What’s different about the Redekop mill is that this is achieved with five rings of tungsten-carbide coated columns – two rotary and three stationary – that clobber the seed at speeds of up to 400 km/h.

The company worked with Dr Breanna Tidemann of the Canadian Government’s Lacombe R&D Centre to establish its efficacy and weed spectrum. “Following a known protocol, independent testing established up to 98% of weeds are destroyed. We also tested a wider spectrum of weeds compared with the GRDC-funded Seed Terminator,” notes Trevor.

“While the SCU has been a success in Canada and Australia, we’re seeing a significant increase in interest in Europe, driven by the need to find alternative weed management solutions. As well as working with NIAB in the UK, we have been developing understanding of the SCU’s efficacy in European conditions with French crop-research institute Arvalis.”

A second unit was imported into the UK last year and fitted to a Case IH 7230 combine used by NIAB at its farm near Cambridge. This was tested on a field infested with meadow brome, notes NIAB senior trials manager Will Smith.

“We counted weed panicles in a test area before harvest and assessed shedding and combine header losses. Based on these assessments, we calculated that on average 77% of the seeds were harvested and passed through the mill,” he reports.

Monitoring of weed seedlings that germinated in the following crop showed the SCU reduced the population by 83%.

As well as John Deere and Case IH combines, units are also now available for recent Claas and New Holland models and can be retrofitted. Redekop is working with Howard Marshall in the UK, a company with specialist experience in fitting and running the units.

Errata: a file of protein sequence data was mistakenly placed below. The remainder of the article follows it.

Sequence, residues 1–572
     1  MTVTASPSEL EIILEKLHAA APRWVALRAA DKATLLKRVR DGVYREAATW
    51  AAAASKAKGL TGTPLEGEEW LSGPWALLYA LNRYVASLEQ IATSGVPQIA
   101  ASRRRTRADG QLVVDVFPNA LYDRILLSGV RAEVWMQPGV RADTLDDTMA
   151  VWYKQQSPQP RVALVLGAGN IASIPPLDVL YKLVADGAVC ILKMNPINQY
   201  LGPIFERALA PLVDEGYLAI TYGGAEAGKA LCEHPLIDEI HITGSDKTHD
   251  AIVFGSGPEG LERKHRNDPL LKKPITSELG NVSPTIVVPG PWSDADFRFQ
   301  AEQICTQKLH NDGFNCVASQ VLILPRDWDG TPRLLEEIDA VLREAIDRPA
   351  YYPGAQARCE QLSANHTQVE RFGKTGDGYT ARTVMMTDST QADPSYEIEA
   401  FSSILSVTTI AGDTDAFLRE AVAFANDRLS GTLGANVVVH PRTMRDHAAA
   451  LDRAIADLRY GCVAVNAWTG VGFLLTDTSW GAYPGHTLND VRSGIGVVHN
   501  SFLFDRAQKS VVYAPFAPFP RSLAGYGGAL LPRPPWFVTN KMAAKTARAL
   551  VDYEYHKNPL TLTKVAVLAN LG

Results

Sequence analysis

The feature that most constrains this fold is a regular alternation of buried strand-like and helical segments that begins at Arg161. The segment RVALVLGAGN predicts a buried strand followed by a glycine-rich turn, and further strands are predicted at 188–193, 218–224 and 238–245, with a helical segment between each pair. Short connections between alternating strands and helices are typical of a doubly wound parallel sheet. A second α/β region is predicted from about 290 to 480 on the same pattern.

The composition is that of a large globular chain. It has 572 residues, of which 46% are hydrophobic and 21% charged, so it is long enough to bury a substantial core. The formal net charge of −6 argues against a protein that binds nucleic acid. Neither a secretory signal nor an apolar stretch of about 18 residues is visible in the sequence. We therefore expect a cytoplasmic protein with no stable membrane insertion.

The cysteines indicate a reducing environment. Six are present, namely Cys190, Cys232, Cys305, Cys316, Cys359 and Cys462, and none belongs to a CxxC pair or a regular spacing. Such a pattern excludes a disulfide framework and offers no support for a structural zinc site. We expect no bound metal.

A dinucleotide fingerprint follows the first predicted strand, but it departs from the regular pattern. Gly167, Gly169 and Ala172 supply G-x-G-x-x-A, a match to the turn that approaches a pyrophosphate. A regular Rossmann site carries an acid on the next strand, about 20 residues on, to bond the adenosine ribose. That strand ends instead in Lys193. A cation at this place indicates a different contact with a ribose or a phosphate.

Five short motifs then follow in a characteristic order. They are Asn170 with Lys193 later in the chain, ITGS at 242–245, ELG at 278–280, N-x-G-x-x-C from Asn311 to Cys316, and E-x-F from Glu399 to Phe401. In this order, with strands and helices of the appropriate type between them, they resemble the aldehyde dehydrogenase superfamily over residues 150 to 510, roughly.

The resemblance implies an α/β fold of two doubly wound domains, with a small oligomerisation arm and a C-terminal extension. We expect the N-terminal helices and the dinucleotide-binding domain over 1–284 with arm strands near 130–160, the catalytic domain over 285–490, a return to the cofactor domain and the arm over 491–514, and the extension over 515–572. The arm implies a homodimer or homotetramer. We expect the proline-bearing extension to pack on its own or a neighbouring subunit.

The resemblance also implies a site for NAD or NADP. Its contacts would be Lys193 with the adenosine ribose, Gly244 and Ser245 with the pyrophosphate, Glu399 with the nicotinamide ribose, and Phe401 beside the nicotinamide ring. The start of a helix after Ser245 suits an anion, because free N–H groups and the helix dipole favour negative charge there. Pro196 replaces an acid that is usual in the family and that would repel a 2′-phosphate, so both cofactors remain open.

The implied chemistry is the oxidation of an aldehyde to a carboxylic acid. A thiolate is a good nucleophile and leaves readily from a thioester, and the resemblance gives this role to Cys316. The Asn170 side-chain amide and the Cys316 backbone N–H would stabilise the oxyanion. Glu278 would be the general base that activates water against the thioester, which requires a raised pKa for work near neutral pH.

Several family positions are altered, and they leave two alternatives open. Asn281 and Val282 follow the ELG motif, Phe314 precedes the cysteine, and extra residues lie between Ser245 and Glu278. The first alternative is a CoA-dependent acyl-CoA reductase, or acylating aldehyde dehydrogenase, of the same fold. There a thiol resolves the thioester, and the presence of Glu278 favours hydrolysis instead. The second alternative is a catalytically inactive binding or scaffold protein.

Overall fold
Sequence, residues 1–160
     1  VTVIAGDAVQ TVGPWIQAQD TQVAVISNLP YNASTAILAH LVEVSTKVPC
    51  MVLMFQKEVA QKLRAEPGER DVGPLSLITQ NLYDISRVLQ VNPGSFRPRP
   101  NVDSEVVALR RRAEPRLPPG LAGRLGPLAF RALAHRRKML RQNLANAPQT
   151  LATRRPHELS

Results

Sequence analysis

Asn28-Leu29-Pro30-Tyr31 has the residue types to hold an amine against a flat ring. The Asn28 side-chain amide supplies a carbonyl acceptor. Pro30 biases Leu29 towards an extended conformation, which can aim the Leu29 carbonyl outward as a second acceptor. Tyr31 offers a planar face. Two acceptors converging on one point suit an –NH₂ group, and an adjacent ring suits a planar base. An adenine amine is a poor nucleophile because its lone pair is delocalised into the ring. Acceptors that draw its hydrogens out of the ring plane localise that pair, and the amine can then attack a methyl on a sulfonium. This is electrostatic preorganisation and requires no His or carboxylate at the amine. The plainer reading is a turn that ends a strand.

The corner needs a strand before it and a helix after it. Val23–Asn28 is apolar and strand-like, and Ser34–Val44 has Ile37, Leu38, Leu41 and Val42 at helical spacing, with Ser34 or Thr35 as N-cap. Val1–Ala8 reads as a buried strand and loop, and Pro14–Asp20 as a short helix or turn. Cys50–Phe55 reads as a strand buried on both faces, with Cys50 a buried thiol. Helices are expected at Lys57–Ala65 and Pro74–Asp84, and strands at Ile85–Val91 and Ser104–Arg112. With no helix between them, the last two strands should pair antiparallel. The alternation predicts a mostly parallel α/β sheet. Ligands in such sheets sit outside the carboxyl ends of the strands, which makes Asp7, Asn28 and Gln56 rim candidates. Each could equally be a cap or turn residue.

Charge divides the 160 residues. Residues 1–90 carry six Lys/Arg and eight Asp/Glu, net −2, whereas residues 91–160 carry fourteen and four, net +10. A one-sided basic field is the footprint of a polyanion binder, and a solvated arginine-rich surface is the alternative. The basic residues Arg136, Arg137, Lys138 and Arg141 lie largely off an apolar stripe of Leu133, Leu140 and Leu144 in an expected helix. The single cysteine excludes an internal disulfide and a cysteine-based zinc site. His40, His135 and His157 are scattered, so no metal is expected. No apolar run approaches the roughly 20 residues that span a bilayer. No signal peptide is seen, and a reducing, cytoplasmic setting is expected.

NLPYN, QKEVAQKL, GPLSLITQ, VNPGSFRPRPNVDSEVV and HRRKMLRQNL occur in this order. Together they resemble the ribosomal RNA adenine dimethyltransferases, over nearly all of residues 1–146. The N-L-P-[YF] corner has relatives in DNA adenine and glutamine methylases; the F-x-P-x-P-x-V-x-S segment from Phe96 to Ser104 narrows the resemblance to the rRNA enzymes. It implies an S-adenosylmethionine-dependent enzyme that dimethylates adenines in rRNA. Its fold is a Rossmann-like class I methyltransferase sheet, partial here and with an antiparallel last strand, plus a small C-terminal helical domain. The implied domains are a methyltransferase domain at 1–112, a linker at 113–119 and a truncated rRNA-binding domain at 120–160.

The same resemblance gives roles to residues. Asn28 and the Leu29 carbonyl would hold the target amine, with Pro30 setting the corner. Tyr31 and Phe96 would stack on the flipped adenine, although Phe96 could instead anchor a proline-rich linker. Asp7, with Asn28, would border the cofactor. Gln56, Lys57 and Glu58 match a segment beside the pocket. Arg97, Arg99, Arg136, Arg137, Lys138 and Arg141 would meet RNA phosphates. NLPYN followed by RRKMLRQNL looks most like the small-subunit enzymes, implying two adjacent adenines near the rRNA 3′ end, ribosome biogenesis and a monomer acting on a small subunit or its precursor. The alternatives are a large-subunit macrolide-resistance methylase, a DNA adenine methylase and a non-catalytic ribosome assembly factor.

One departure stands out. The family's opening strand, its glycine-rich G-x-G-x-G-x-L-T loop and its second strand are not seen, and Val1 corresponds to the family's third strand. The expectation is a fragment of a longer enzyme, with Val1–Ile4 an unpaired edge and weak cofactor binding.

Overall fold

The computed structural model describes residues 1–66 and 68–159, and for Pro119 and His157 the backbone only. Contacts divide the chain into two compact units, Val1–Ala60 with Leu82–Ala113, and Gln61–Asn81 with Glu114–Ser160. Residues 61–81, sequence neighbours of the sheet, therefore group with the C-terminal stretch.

The concept of conducting an on-farm trial this year was put to BOFIN members and strong interest came back from farmers keen to take part. The three farmers selected not only have compatible combines but also a weed spectrum likely to give useful results.

Jake Freestone of Overbury Enterprises in Worcestershire is having his new John Deere S790 combine fitted with the unit to tackle a tricky problem with meadow brome. In Suffolk, Adam Driver has found his Claas Lexion 8800 puts blackgrass seed into its chaff lines, so results from the SCU will be monitored closely to gauge the difference it makes. For Ted Holmes, Velcourt farm manager in Warwickshire, who operates a New Holland CR9.90, ryegrass is grassweed enemy number one.

A keen interest was common among the dozens of other growers who came forward. They’ve been brought together into a ‘Knowledge Cluster’, co-ordinated by BOFIN, of over 50 farmers, weed scientists and knowledge exchange managers who met at an introductory webinar last month. The group will be given regular updates, will share experience and help shape the project, which may run for two years, depending on first-year results.

Trevor believes it’s a system that’ll appeal to UK growers who are proactively seeking alternative methods to control grassweeds. “The SCU is a tool farmers can use to future-proof their weed control system, as herbicide resistance grows and chemistry loses its approval for use. Farmers who use it say it’s a tool that can help them get on top of a weed problem before it gets on top of them,” he concludes.

  • For more on the weed seed destruction Knowledge Cluster, which is free to join, go to